Tuesday, May 10, 2016
I’m not referring to the cologne from the 90s
We often hear stories about Lewis and Clark and how successfully they maneuvered the vast unknown of the US. However successful they were, there are tales of the incompatibility of their personalities and I am reminded of a time in my past when I traversed this country to visit our neighbor to the north, Canada.
I graduated college in May, 1993, and was to set out on the course of my new career when I realized I had neglected to actually obtain employment. Having no idea what to do with myself, I moved home and panicked. I decided I needed to travel and my best friend John Allen’s parents had a lovely resort in Nestor Falls, Ontario and I had been invited to join them for a week or two. My parents and I looked at our finances and to the bus station we went.
Have you ridden a bus from McComb, Mississippi, to Duluth, Minnesota? No? Well I have. It took more than 24 hours of non-stop driving and I use the term loosely. We stopped for about three minutes in every podunk town on the route through Tennessee, Missouri, Illinois, Iowa and Wisconsin. I don’t know if our driver was lost or drunk but we weaved our way northward spending hours-long stops in both Memphis and Chicago.
Do you know what people do in the bathrooms of the Chicago bus station? Well I don’t because I refused to enter due to the overwhelming stench of “stock show” greeting me before I crossed the threshold. I took refuge with the kindly snack bar manager who let me spend time in the employee breakroom because, in her words, “You don’t look like you belong here, honey”. I concurred and enjoyed my respite from “the bus people”.
I made it to Duluth, the rendezvous point as John’s brother Lee lived there and it is very, very clean and very, very close to the border. Upon my arrival, we ate, watched a Joan Rivers standup special, slept and headed to Allen’s Crow Lake Lodge on the shores of Kakagi Lake. Kakagi is the word for crow in a language I failed to establish. We headed to the land of ketchup-flavored potato chips armed only with a driver’s license as it was all you needed back in the gentle, innocent days of the 1990s, well before anyone wanted a piece of Britney and she was simply a former Mouseketeer whose family lived about 15 miles away from mine, just across the border into Louisiana.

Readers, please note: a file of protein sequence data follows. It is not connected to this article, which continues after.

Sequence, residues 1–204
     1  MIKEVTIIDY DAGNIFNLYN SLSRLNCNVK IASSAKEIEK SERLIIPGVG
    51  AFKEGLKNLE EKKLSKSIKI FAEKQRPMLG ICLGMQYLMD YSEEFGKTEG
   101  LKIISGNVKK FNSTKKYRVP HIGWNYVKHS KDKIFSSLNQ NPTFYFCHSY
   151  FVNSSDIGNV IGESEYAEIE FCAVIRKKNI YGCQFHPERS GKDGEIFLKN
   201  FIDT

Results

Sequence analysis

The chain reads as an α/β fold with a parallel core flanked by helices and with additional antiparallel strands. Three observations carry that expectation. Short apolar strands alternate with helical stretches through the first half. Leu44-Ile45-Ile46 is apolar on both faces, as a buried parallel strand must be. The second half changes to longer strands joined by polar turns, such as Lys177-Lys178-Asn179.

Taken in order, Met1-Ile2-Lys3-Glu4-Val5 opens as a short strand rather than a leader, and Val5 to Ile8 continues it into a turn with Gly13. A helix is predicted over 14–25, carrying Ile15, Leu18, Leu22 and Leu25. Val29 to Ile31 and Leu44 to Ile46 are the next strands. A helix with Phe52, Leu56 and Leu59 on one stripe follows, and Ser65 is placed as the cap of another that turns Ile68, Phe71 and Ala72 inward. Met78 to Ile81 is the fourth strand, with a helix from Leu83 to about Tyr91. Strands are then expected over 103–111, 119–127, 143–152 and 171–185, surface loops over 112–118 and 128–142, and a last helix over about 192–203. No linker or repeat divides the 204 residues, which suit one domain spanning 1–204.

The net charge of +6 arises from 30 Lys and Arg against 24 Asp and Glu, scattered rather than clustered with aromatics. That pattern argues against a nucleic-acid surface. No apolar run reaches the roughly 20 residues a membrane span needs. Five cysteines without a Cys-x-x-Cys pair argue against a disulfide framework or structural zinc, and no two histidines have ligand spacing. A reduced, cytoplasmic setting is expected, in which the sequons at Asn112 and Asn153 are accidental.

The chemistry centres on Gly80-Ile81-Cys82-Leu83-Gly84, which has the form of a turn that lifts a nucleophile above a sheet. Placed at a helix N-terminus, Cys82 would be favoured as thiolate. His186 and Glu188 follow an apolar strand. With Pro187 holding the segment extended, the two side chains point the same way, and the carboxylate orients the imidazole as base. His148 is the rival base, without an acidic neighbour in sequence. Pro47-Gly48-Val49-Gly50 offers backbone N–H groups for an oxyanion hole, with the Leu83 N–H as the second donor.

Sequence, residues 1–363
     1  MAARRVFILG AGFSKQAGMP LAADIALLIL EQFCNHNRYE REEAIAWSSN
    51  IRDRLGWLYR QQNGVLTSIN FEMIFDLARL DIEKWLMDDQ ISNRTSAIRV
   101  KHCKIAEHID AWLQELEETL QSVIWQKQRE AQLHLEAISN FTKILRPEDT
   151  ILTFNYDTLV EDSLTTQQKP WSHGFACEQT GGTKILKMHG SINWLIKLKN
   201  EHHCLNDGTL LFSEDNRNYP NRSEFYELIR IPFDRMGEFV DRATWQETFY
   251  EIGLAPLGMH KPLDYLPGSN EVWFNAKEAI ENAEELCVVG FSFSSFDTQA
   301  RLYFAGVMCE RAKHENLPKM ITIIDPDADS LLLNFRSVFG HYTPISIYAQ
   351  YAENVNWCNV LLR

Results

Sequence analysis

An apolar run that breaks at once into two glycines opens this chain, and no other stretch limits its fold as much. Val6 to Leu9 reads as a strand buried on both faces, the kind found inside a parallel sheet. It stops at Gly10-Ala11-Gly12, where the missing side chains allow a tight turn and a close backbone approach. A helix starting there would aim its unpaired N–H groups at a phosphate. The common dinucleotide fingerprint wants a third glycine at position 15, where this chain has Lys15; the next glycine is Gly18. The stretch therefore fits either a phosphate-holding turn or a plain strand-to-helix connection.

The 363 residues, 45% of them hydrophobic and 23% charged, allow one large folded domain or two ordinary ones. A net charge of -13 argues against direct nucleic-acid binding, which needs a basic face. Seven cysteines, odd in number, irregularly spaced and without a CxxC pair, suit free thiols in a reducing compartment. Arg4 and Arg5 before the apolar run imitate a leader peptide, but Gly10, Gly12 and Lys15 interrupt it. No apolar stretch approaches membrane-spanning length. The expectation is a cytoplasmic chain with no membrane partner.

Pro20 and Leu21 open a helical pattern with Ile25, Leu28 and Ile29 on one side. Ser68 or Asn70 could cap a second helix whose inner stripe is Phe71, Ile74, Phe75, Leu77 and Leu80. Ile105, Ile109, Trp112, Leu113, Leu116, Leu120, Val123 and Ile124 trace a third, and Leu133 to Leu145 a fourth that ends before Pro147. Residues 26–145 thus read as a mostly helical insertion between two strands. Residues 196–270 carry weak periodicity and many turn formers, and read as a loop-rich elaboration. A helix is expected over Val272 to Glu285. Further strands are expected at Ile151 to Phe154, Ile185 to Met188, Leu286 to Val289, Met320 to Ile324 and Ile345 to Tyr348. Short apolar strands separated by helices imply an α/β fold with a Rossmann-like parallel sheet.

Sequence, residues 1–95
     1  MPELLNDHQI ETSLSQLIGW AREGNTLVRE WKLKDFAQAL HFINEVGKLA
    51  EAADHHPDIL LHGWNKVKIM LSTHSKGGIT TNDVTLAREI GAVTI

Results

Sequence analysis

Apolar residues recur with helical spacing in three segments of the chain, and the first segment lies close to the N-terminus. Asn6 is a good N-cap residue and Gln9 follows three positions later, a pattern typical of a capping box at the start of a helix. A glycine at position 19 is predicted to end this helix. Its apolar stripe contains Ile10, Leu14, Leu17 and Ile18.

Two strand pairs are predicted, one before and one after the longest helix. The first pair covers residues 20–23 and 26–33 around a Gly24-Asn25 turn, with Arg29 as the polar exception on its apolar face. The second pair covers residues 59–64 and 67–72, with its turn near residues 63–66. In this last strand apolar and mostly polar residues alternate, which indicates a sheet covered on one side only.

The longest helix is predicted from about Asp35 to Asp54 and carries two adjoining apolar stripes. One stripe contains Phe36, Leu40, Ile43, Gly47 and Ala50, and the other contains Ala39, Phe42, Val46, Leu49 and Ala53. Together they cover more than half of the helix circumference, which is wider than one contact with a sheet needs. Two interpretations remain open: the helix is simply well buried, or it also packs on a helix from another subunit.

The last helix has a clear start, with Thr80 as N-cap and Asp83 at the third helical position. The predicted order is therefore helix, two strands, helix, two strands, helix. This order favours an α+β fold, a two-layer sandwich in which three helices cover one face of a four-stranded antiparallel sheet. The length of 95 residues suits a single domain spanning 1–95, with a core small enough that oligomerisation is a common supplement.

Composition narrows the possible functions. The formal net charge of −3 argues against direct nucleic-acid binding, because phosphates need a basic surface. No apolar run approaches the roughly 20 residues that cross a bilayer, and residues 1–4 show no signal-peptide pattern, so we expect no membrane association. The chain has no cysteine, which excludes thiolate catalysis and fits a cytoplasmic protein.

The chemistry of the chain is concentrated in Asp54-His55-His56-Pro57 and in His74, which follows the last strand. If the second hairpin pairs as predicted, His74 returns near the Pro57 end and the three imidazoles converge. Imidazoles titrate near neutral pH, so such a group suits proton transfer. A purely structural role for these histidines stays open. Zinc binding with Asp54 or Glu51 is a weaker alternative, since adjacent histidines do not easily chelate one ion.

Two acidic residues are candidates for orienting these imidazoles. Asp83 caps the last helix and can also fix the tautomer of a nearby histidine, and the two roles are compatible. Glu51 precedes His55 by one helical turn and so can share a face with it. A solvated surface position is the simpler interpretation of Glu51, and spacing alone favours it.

Upon arrival I was greeted warmly by the family and coolly by the weather. August in Canada is simply delicious weather; 70 degree days and 50 degree nights which required a lovely fire. I was not sweating in the summertime and I was loving life even though I was voluntarily swimming which required a level of public nudity I felt inappropriate. I tried water skiing but was unable to surface on the skis, even when they tried to start me from the end of the pier. My body is not built for water sports, such as canoeing, which I try to avoid.
It was decided by those who decide such things that we were to fish and I was to participate, just like in my youth in the Texas and Mississippi. At least this time there would be no sweating but the setting, ominously, was canoe-related and I’m not referring to the cologne from the 90s. The day began with John and his father in one canoe. I and the 12 year-old cabin boy Stephen were in the other. Yes, the Allen’s are a two-canoe family. It’s fancy up in Canada, y’all.
At the time of the event, I was 6’ and approximately 275 pounds give or take a Frito Pie; Stephen was 5’5” at best and 110 pounds at most. Due to the differences in our masses, the canoe was riding low in the rear and barely skimming the surface of the lake in the front. I don’t know the nautical term for popping a wheelie but were doing so, I can assure you.
Anyone familiar with canoe etiquette knows you must paddle on opposite sides of the craft in order to keep your forward momentum on a reasonably straight trajectory. John and his Dad were making great time. Young Stephen and I, on the other hand, were taking a more meandering route. For every deep stroke I made, Stephen’s paddle did little to counter so we made continual, lovely loop-the-loops in the water as if we were a graceful, but boring Ice Capader.
It was bad enough we fell further and further behind, but all the circling had caused me nausea, coupled with an irrational fear of a snake swimming in my back pocket (as the water was mere centimeters from the top edge of the vessel). The only thing keeping us from being forever lost in the mists of Kakagi Lake was the repeated stops by the Allen men due to their constant laughter at our performance.
Even in adrift on Canadian waterways, I’m funny.